Brief history of Alexander Roslin
Alexander Roslin (1718 – 1793) was a Swedish portrait painter. He was highly appreciated because of his ability in use of colour and because of his attention to details.
His paintings are characterized by a perfect and a faithful reproduction of various materials a suit or any item were made of. Silk, velvet and golden backgrounds stand out against realistic faces and for this reason he was very sought after.
After his apprenticeship in Stockholm, Alexander began travelling across North Europe, and in 1747 he arrived in Italy in order to complete his training, studying the ancient Italian masters. He was at the service of Duke of Parma, and then he moved to Paris, where he settled down and painted his best paintings.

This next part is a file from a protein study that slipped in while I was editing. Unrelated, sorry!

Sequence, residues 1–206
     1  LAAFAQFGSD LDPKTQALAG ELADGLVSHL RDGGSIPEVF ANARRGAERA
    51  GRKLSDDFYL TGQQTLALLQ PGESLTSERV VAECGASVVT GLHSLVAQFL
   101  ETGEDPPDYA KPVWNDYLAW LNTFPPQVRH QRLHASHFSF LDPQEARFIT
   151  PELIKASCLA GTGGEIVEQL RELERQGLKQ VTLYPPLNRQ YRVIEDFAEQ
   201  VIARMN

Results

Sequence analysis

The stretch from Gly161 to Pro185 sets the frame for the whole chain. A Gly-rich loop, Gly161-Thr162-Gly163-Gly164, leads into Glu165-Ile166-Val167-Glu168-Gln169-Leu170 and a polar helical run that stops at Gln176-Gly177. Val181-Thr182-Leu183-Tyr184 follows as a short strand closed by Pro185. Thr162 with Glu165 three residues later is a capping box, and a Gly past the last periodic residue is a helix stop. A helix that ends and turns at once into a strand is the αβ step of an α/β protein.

In Paris Louis XV made a personal apartment available to him and his family, in the Louvre. However Roslin still kept in touch with Sweden, where he came back to paint some canvas at the Swedish royal court.
Roslin’s paintings earned the admiration of Catherine II of Russia, who called him in Saint Petersburg, hoping that he would decide to stay in her service. Nevertheless, Alexander came back to Paris where he lived until he died.